Politics of health

As perhaps the most universally relevant topic, health care cuts across lines of class, race, nationality, age, gender and political bent, and has the potential to either unite or polarize, to inspire or enrage. Seeking a more holistic understanding of health in our current socio-political context, Briarpatch explores the intersection between the health of our environment, our bodies and our social systems.

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    Letter from the editor

    Health, and the way we manage our collective well-being, is inherently political. As perhaps the most universally relevant topic, health care cuts across lines of class, race, nationality, age, gender and political bent, and has the potential to either unite or polarize, to inspire or enrage. As well as being highly political, health care is also deeply personal, affecting each of us at the most fundamental level of our existence.

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    In defense of universal health care

    There’s nothing universal about an insurance-based system, and Canadians concerned about the future of medicare would do well to understand the problems inherent in the American system.

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    De-linking from dependency

    The concept of indigenous food sovereignty represents a policy approach that extends the concept of food security through honouring the wisdom and values of indigenous knowledge in maintaining responsible relationships with the land.

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    Breeding disease

    Many Canadians first learned of flesh-eating disease or necrotizing fasciitis in 1994 when then-Bloc Québécois leader Lucien Bouchard lost his leg, and very nearly his life, to the affliction. Media reports of Bouchard’s brush with death described the disease as “extremely rare.” It was at the time, but has since become more commonplace.

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    Healing denied

    Of the more than 150,000 First Nations, Inuit and Métis children who were forcibly removed from their families and enrolled in one of the many Indian Residential Schools (IRS) in Canada, it is estimated that there are 85,000 residential school survivors in Canada today. Alongside these survivors are the thousands more impacted by the intergenerational effects of residential schools on Aboriginal families.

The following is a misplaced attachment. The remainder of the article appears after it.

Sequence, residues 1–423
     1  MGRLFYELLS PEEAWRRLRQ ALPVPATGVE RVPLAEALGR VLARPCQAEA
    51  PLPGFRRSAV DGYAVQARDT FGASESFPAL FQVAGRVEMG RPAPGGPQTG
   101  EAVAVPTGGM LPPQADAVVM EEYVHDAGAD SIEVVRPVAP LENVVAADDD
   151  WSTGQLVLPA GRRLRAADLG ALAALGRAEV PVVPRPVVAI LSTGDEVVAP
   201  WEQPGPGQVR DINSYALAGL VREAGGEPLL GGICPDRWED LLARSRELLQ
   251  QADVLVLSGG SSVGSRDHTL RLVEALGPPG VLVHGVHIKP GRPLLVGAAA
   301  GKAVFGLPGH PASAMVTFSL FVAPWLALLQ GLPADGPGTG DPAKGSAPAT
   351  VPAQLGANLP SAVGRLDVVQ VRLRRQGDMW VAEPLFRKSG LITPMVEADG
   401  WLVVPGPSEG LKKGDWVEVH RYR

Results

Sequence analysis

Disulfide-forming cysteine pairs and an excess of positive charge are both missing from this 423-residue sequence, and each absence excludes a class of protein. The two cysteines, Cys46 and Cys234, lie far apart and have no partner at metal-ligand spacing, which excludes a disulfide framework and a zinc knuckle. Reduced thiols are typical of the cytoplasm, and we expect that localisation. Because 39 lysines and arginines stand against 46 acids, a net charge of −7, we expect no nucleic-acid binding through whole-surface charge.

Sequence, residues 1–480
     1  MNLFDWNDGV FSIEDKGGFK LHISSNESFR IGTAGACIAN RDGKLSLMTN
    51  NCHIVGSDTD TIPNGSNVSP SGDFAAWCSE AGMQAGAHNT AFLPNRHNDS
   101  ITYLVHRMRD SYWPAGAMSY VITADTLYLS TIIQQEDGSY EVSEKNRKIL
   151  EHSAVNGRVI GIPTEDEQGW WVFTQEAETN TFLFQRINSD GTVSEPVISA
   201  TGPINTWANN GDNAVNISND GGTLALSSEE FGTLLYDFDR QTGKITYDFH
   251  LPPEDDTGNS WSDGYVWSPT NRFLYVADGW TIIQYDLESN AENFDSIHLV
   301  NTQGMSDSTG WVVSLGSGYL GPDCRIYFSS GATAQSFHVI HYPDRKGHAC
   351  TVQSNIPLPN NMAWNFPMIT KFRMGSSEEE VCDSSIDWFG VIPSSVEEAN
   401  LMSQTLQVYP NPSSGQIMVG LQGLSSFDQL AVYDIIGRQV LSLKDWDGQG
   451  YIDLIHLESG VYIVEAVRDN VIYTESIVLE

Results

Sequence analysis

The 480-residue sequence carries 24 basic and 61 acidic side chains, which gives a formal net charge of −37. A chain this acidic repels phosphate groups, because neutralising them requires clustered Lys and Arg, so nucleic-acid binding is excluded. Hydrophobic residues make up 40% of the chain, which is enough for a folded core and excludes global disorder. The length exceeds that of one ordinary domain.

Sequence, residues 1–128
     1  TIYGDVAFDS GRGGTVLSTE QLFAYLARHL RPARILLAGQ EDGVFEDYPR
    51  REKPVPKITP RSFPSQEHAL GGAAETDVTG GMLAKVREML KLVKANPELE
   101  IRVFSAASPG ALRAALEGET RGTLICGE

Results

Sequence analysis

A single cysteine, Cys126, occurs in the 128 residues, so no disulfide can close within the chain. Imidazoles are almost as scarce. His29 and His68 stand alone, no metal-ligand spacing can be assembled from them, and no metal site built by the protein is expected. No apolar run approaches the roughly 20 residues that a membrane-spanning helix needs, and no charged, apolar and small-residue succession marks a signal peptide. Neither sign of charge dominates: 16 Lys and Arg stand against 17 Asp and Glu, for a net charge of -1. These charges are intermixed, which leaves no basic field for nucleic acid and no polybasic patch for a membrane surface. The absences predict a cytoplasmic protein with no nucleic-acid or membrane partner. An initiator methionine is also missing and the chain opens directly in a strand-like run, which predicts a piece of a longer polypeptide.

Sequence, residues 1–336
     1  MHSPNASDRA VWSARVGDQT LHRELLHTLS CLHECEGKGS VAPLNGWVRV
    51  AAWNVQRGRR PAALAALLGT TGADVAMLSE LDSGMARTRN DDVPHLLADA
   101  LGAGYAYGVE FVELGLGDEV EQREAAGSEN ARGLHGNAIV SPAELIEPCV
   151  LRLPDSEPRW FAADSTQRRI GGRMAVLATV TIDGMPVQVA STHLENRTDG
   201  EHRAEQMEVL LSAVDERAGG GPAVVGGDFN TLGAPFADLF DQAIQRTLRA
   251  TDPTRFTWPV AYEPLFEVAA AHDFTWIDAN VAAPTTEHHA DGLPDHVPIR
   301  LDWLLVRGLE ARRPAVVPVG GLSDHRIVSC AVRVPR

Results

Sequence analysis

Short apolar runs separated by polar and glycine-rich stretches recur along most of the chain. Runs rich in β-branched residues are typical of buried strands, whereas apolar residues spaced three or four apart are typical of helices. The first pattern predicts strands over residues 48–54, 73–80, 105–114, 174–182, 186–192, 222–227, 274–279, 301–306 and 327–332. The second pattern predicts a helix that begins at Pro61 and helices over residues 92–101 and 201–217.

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    Commodification

    Consumer culture is having significant repercussions on our physical and mental well-being. One hormone-injected cheeseburger or the placement of an offensively loud advertisement where a tree once stood will not singularly ruin one’s health. But all of these intrusions into our physical and mental space, experienced routinely and en masse, are devastating to our collective quality of life.

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    Freedom of (hate) speech

    A new generation of anti-choice groups is establishing a reputation for itself on Canadian campuses, with increasingly visible tactics that many pro-choice activists call discriminatory, harassing and hateful. In response, student unions and pro-choice groups have mobilized to prevent anti-choice presentations from taking place on campus and anti-choice groups from gaining club status.

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    In sickness and in wealth

    In Canada and around the world, the health of the poorest people is far worse than the health of the richest – and new evidence suggests we all suffer as a result. In order to address the fundamental unfairness of this situation, we need to completely rethink not just how we do health care, but how we do politics.

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    Community acupuncture

    As debates about national health care reform ensue in Canada and the U.S., with governments desperate to find an affordable way to provide equitable, effective and timely health care to an aging and increasingly sick population, is it possible we are missing the point entirely? An emerging network of community acupuncturists on both sides of the border are challenging the notion that increasing access to Western medicine is the best way to improve health care.

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    Cultivating community

    Nestled in a small park in the bustling central Toronto neighbourhood of Parkdale is a community garden project that is improving the health of the environment, the neighbourhood and the gardeners involved by reducing the social isolation and homogenization that often come with gentrification.